Another study by Naghizadeh et al. (2015) analyzed effects of dichromate ion inhibitoron AISI 316L stainless steel and the results showed that addition of dichromate leads to an increase of pitting corrosion due to a decrease in kinetics of metastable pit dissolution. The inhibition effect of 1-methly-3-pyridine-2-Y1-thiourea (MPT) on a 302SS grade of austenitic stainless steel in acid media was studied (Hosseini and Salari, 2009). The results from potentiostatic polarization measurements plotted on polarization curves with 1M HCl  in different concentrations of MPT revealed that the presence of MPT inhibitor prevent further attack on stainless steel type 302 at 283K compared to the same grade without MPT at the same temperature in acidic solutions. This revealed that an increase in MPT concentrations causes a decrease in anodic and current densities (icorr) and corrosion potential (Ecorr) shift towards a more positive corrosion potential due to passive film layer formation. The study also analyzed the effect of temperature on inhibition efficiency of MPT and an increase in temperature increases corrosion current densities whereas corrosion potential decreases (Hosseini and Salari, 2009). As a result, it is adsorption of inhibitor on the metal surface that causes the inhibition (Al-Nowaiser, 2010).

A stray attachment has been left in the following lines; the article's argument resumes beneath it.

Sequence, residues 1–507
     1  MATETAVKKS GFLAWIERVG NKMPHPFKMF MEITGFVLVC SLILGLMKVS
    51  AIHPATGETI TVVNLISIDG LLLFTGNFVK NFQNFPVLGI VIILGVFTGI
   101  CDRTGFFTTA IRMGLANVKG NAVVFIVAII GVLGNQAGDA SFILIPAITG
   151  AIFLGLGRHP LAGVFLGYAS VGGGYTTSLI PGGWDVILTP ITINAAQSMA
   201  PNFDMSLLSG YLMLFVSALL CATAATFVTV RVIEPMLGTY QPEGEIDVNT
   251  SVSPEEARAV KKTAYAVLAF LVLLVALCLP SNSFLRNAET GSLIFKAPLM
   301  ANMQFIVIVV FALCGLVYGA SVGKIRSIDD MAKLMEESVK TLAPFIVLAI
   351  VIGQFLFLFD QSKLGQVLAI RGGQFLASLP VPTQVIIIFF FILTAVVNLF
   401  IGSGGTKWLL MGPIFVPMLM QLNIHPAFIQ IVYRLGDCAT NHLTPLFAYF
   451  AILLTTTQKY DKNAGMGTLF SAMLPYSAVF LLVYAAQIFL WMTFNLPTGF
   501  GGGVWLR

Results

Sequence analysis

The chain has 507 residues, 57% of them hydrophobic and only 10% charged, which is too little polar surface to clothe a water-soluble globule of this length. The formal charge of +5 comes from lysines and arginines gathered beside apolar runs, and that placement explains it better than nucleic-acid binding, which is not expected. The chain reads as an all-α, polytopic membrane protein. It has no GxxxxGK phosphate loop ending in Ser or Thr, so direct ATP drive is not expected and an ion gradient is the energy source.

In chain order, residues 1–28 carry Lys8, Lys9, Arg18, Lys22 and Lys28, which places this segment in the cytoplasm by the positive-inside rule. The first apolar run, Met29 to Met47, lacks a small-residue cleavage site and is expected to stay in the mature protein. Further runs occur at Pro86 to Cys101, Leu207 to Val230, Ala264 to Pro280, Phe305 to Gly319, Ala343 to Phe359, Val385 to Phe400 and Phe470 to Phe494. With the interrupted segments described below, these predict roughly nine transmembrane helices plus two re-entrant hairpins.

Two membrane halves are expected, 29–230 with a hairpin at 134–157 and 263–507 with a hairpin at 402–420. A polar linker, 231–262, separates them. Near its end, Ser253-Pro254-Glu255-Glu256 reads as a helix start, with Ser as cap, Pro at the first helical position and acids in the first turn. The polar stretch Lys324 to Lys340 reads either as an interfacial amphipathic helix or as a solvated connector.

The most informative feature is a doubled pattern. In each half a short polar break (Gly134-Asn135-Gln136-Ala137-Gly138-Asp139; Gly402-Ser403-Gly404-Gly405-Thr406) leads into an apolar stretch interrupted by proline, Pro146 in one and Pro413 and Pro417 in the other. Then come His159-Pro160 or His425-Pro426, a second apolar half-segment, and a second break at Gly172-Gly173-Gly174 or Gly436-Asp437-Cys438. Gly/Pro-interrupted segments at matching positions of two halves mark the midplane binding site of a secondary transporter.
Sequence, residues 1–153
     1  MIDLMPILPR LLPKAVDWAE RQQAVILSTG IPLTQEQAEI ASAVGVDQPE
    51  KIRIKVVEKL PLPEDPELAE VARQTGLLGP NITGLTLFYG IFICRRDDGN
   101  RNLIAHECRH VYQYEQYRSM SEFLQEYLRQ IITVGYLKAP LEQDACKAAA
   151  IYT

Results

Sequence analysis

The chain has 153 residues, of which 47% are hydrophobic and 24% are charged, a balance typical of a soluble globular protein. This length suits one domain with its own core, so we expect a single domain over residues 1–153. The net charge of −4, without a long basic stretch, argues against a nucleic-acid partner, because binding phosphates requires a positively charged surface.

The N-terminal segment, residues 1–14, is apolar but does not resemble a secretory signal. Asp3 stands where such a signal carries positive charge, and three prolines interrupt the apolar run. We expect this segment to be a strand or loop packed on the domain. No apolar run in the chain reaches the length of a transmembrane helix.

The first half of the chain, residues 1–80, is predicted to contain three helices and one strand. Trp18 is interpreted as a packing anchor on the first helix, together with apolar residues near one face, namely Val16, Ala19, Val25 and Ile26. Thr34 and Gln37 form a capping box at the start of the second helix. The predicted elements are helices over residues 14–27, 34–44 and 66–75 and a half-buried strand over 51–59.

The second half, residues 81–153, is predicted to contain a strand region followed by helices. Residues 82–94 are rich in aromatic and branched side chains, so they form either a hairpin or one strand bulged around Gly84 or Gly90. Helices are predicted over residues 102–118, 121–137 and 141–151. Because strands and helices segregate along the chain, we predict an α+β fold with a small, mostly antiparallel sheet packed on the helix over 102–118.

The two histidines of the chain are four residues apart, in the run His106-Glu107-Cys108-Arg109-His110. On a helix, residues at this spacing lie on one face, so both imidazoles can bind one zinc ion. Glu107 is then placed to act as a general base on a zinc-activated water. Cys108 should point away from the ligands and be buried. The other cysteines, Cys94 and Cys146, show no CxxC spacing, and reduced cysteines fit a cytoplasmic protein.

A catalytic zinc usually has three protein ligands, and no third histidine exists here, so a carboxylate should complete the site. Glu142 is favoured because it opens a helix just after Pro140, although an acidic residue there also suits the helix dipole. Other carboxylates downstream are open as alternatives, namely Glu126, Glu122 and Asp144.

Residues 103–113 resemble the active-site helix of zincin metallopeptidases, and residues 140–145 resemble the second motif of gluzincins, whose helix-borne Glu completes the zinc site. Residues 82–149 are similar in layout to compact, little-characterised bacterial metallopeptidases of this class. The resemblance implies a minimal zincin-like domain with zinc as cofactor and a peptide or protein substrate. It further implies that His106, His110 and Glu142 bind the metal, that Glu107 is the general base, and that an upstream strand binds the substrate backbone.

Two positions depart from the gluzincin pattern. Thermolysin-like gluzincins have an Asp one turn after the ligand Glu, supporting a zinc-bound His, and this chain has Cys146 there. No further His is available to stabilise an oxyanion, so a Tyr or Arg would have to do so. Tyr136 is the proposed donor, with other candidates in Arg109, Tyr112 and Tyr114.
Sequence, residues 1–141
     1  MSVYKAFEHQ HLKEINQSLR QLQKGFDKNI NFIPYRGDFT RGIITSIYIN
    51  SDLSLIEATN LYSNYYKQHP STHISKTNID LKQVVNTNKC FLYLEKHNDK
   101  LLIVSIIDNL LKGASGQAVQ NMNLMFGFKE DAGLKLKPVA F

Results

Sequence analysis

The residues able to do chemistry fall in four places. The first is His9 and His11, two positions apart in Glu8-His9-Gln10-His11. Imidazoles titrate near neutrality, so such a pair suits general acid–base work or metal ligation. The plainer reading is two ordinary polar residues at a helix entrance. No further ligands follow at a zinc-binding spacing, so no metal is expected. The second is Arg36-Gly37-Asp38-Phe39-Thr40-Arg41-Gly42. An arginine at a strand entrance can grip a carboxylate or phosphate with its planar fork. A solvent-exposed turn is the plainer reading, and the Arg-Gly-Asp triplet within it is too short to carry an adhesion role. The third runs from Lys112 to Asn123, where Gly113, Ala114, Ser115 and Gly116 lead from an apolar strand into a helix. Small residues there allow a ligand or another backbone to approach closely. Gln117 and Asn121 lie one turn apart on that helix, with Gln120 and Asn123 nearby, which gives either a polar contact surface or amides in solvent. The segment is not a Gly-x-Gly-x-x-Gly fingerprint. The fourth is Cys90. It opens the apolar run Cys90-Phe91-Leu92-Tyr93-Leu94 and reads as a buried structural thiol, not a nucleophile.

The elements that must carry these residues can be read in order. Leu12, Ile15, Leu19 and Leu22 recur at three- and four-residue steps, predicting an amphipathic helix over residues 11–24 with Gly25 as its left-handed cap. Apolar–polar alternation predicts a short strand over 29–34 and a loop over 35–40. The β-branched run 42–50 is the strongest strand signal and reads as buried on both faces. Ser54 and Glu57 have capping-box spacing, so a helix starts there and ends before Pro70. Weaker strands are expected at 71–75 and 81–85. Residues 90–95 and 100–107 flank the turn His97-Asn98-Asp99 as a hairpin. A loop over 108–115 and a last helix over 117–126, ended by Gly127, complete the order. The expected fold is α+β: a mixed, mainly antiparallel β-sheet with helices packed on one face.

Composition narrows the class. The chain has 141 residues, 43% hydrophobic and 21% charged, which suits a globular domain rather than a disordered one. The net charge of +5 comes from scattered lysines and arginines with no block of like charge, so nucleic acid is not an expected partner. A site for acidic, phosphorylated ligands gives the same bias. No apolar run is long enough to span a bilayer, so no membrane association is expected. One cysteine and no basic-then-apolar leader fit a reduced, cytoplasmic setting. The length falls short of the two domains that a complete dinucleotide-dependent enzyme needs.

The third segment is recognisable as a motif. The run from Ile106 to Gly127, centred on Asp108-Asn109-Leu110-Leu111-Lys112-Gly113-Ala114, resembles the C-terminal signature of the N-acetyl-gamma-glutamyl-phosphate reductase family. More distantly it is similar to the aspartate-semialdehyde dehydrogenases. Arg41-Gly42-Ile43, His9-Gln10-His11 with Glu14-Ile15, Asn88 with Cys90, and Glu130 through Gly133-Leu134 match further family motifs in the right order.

According to Devi and Selvarani (2014), Benzyl Triethyl ammonium Chloride (BTEAC) acts as an inhibitor for a 430 stainless steel pitting corrosion. Their experiment was conducted in 1 M HCl with mass loss as electrochemical behaviour study method. BTEAC proved to be an effective inhibitor because of the positive charge of N ions and π electrons in its molecule which is adsorbed on the metal surface (Bentiss et al., 2012). In reference to the weight loss study, they found that the rate of stainless steel deterioration decreases with an increase in BTEAC concentrations in 1 M HCl. This study was compared to 430 stainless steel type in 1M HCl with BTEAC addition at 303 and 313K. It was observed that BTEAC become less effective with increase in temperature (Idris et al., 2013).